Kato (Lower) Lefkara is a village of the Larnaca district
and it is located about 34 kilometres south-west of
the city of Larnaca.
The community is built on an average
altitude of 480 metres. The terrain is hilly and the
altitude in the north-east of the settlement reaches
up to 417 metres ("Shinokefalos" hilltop).
The landscape is fragmented by the rivers Syrkatis and
Argaki, and of St. Minas, all tributaries of the Pentaschoinos
Kato Lefkara receives an annual rainfall
of about 570 millimetres. In the village's limited cultivable
land, vines (of wine-making varieties), olive, almond,
and carob trees, a few citrus-trees, forage plants,
broad beans, a few fruit-trees (fig, pomegranate, and
plum trees), and very few vegetables are cultivated.
However, the village's greatest part is uncultivated
and wild, natural vegetation grows in it, mainly pine-trees,
thorny burnets and brooms, sages (cistus), thyme, and
wild carob and olive trees.
As far as transportation is concerned,
Kato Lefkara is connected to the neighbouring village
of Pano (Upper) Lefkara in the north-west (about 1 km),
with the village Kato Drys in the south-west (about
4 km.), and with the Skarinou Station in the south-east
via the Nicosia - Limassol Highway (about 8 km).
The village has gone through several
fluctuations of its population. In 1881 the inhabitants
were 313, increasing to 334 in 1891 and to 349 in 1901,
decreasing to 323 in 1911, increasing to 364 in 1921,
again decreasing to 357 in 1931 but increasing to 405
in 1946. In 1960 the inhabitants numbered 304, decreasing
to 225 in 1973, increasing to 256 in 1976, however decreasing
to 210 in 1982. In the last census of 2001 the village's
inhabitants were 118.
The art of needlework (embroidery)
developed in Kato Lefkara, as also in the neighbouring
village of Pano Lefkara, reaching to very high levels.
A large variety of "lefkaritika" embroideries
is manufactured, which are characterised by the affluence
and the diversity of their designs.
The separation into Upper (Pano) and
Lower (Kato) Lefkara was observed since the times of
the Turkish domination, thus the latter village must
have been established by banished Greeks. In earlier
sources Lefkara is mentioned as a single settlement,
obviously being Pano Lefkara.
The village was a strong and rich
feud during the years of Frank domination and de Mas
Latri includes it in the list of royal estates. Besides,
in older maps the village is marked as Lefcara and /
However, Lefkara is one of Cyprus's
villages that we know for sure it existed before the
Frank domination era -during the Byzantine times -for
which there are no sources that are adequately detailed.
The village was claiming the honour of being considered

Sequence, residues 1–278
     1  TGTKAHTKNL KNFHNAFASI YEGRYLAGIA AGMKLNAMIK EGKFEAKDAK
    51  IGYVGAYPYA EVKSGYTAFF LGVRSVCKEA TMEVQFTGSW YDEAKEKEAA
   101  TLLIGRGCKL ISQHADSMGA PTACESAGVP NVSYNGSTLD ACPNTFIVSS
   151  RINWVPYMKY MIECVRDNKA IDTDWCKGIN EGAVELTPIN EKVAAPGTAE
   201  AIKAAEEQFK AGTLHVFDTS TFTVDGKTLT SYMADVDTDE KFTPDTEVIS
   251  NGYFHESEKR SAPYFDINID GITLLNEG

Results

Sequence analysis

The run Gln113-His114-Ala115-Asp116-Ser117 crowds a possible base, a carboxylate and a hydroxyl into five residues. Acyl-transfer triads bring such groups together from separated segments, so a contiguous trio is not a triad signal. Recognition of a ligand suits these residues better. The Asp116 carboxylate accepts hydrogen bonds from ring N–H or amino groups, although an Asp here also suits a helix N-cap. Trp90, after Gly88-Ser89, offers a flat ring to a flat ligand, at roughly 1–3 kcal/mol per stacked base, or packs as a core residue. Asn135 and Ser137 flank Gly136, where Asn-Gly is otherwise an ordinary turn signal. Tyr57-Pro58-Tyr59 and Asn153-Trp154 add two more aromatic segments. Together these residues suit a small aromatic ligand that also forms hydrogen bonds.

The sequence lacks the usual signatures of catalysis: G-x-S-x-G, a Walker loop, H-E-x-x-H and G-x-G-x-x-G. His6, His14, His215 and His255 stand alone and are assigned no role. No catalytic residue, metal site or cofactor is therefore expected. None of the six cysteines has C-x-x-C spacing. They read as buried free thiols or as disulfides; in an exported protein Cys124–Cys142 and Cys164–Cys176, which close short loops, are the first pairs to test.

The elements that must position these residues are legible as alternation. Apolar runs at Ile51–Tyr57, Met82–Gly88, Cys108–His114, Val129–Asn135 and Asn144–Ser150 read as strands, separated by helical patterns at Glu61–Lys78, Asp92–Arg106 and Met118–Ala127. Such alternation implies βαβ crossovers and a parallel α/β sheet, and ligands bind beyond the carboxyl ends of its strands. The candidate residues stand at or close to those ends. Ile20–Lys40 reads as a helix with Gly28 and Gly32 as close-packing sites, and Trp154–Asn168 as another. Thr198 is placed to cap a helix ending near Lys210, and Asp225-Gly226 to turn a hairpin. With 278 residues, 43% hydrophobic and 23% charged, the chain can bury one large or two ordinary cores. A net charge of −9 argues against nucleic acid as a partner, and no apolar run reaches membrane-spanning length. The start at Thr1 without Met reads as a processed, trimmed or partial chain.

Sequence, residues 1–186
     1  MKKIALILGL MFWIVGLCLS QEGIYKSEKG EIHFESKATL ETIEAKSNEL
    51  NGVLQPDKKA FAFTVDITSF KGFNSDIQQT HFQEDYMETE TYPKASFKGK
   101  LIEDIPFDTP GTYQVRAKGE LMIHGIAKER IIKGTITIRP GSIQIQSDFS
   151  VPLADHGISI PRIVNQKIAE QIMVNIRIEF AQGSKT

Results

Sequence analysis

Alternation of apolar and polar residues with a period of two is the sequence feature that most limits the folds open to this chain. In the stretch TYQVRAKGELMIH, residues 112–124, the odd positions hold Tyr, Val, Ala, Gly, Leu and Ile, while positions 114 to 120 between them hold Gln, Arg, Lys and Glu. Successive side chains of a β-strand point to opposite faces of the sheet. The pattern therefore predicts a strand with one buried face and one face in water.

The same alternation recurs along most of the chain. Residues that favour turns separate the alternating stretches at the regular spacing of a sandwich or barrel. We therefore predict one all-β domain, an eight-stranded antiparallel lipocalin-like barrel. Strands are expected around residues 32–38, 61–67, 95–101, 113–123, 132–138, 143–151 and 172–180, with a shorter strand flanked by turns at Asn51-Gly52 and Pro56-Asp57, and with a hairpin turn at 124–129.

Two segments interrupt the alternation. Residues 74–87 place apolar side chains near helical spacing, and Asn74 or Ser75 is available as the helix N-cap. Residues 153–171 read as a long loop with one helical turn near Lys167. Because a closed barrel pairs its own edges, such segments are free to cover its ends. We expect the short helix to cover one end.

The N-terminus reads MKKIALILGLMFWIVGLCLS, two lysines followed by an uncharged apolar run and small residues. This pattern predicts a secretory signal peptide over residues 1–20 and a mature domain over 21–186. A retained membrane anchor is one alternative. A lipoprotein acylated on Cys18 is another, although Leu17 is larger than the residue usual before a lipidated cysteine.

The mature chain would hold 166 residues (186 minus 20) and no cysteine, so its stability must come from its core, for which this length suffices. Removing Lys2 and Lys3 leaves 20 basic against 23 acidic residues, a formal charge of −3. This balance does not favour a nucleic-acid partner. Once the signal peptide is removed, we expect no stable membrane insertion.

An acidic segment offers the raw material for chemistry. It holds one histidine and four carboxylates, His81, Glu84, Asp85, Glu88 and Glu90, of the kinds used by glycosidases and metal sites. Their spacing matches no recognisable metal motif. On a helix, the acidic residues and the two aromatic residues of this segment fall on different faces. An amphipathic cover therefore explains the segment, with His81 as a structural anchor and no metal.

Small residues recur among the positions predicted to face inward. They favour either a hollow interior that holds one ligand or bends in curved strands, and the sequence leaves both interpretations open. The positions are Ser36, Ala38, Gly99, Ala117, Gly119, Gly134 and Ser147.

as the birthplace of the significant Cypriot Saint Neofytos,
who is however reported as being born in the neighbouring
village of Kato Drys. It seems that local tradition
attempted to compromise this dispute, regarding the
Saint's decent, by relating that his parents came from
"Apliki" -a settlement that existed between
Lefkara and Kato Drys -moving however to Kato Drys (where
the Saint was born in the 12th century) and later also
residing in Lefkara.
The mediaeval annalist Leontios Machairas
accepts the descent of Saint Neofytos from Lefkara.
In any event, in one of his own writings, Saint Neofytos
himself mentions Lefkara as the place of his origin.
There are three different interpretations regarding
the name "Lefkara": the first supports that
it comes from the words "Lefka Ori" (White
Mountains), because the region has the white coloured,
rough, limestone and fire-stone landscape as its main
characteristic. The same natural, white colour of the
region's rocks also characterises the appearance of
all the stone-made houses, the paved alleys, and the
dry-stone, protective structures in the fields, which
were made with the local stone of the "White Mountains".
The second interpretation supports that the villages
received this name due to the tufts of small, white
poplars that grew in their region. Finally, there is
the opinion that perhaps the name came from some settler
who was named Lefkalos.
Pano and Kato Lefkara, two entirely
separate and independent villages, though with a common
and interrelated existence, occupy a privileged position
on the west, mountainous region of the Larnaca district.
Built -side by side -on the edges and the foot of the
Sotira mountain, the two villages are adjacent to the
Neolithic settlement of Choirokitia and the monastery
of Saint Minas.
The first written testimony for the
existence of Lefkara under today's name is given by
Saint Neofytos in his book "Typiki Diathiki",
in which he mentions that he was born in Lefkara in
1134. The Saint's descent from Lefkara is confirmed
by his relevant chant, which characterises him as the
Glory of Lefkara. This watertight, chronological testimony
reveals the existence of Lefkara -as a community -in
1134, which is placed in the end of the Byzantine era
(395-1191). Undoubtedly, Lefkara continued their historic
tradition and their cultural progress -as the same communal
entity -throughout the duration of the Byzantine era.
The second historical testimony
goes back to the times of the Frank domination (1191-1570)
and reports that all the leading members of the military
Order of the Templars were exiled in Lefkara in 1308
and for three years; their inadmissible behaviour obstructed
the smooth operation of the Frank regime in Cyprus.
In any event, it is reported that -during the 15th century
-Sor de Naves, Constable of Cyprus, served as Lord of